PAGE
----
The first tiring day was Sunday. My husband used to walk to the nearby seaside town and get the bus back, but since covid, we've avoided public transport so he took to walking along the old railway line that is now a footpath and bike trail and then entering some woodland and walking around the paths there. However, during the high winds a couple of weeks ago, a tree came down across one of his favourite routes. So we hatched a plan...
As I mentioned in my previous post, they are felling the conifers to regenerate those parts of the wood with native trees. Some parts are old natural forest, but there had been a period when the fast growing conifers were planted too. This means that parts of the forest are currently off-limits due to the felling operations, but the path we needed to reach meant entering that area. Hence why we chose a Sunday afternoon when no one would be working.
I don't think it's illegal to go and clear a footpath on someone's land, but we thought it was better to do it by stealth, rather risk being challenged and having to enter into lengthy explanations, especially as they're not actually public footpaths (a legal definition) and are instead just paths provided to give access to National Park woodland.
First we drove to the forest gate nearest the blocked path, but there was nowhere to park. What we remembered as an empty and abandoned yard now contained an occupied cabin and there were people around. Even if we'd parked in the layby on the main road, the gate into the forest was locked and we weren't going to climb over in full view of onlookers. So we parked on the verge of the drive leading to a farm with a campsite. We actually know the owners so we could have driven further and parked by the river, but it's years since we'd been that way, so we played it safe and walked through the camping field and down to the estuary.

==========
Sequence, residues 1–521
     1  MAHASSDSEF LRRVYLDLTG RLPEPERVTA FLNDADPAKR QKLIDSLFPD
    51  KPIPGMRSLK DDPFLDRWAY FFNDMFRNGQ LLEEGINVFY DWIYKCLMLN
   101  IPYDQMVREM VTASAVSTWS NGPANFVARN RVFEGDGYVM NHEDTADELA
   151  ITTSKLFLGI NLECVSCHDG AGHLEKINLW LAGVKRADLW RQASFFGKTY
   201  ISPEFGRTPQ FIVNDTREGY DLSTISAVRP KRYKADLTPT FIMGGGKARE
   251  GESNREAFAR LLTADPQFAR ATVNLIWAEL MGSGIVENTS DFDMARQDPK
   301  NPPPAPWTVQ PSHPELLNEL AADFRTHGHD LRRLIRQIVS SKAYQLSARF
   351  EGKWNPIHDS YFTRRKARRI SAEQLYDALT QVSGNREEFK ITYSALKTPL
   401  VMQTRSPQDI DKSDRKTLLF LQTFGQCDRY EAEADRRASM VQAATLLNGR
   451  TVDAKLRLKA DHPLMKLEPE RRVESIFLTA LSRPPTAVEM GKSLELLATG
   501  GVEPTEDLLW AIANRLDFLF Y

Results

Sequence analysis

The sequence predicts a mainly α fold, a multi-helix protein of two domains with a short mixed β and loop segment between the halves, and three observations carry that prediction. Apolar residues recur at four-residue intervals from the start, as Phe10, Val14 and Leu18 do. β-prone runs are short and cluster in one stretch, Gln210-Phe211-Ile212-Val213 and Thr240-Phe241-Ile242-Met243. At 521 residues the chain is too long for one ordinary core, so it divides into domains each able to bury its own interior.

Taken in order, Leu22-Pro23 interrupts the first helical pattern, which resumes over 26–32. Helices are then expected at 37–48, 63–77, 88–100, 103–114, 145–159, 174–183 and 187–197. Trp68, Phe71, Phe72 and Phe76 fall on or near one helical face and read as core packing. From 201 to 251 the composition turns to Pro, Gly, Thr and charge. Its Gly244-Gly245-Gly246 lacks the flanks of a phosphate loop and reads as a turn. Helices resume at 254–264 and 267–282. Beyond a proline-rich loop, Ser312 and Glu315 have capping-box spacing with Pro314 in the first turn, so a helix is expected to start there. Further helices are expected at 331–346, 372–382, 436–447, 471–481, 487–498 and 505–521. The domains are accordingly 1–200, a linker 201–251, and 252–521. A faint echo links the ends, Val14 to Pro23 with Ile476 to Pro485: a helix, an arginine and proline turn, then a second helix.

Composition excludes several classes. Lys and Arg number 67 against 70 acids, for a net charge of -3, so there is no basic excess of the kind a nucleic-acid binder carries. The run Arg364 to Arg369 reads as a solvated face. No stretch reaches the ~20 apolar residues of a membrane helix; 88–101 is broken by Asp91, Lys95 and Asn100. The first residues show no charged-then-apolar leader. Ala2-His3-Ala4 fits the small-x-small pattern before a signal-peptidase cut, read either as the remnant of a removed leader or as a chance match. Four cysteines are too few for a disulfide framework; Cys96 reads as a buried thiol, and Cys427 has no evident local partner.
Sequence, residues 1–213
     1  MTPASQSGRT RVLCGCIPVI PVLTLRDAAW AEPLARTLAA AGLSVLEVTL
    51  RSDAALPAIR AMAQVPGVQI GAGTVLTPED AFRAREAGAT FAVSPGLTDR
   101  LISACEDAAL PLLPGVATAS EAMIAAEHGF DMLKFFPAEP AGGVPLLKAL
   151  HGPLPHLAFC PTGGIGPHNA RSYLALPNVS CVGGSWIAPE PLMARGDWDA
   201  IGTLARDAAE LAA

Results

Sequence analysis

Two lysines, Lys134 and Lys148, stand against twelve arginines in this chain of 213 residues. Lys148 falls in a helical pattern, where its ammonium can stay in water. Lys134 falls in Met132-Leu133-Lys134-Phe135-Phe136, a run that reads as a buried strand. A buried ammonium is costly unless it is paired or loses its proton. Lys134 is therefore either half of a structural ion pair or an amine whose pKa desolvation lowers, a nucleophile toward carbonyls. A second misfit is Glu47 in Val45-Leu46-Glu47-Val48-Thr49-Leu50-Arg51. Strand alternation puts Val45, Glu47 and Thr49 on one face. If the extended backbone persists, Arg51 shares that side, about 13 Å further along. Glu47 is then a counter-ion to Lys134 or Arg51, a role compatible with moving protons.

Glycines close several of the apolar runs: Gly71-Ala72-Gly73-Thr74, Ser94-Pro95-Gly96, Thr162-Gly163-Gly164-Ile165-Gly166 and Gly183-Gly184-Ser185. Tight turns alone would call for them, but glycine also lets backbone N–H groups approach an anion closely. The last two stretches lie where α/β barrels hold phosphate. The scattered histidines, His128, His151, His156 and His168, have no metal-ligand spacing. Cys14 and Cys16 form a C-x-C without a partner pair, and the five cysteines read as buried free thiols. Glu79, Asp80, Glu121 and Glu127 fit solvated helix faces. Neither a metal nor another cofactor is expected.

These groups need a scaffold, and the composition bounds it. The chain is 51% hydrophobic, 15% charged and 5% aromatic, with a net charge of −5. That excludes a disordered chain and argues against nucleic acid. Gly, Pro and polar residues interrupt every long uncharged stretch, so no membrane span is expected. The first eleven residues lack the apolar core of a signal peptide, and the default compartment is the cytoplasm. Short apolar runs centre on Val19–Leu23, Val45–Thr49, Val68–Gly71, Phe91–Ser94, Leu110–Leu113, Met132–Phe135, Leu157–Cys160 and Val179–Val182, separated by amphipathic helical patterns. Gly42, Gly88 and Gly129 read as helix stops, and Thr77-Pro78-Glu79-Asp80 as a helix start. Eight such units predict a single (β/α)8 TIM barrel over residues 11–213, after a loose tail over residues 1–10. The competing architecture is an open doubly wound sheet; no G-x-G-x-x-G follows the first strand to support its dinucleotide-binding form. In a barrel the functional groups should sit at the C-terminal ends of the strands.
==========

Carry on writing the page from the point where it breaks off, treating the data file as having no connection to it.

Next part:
The drive has amazing giant redwood trees.
They were probably planted by the owners of the nearby hall, not the farmer as it's the sort of thing owners of grand houses do.
Approaching the area where the foresters are working. Piles of logs waiting to be taken away.
And here is the problem...
It took an hour and a quarter of hard work with the bush saw and the smaller saw. G mostly did the sawing while I dragged the branches away and stacked them neatly at the side of the path.
And here is the result!
The path is clear once again.
Then, after the strenuous day on Sunday, yesterday we walked the route that will be my next video. It's a recently created walk on private land, but the Nannau Estate have made a permissive path which enables you to cross the historic deer park. It's not all that long a walk, but it involves walking down all the way out which of course means climbing the hill to return to the car park. I didn't take any pictures, but it was useful to see the route so as soon as I've fully recovered enough, I'll pick a day to make the video.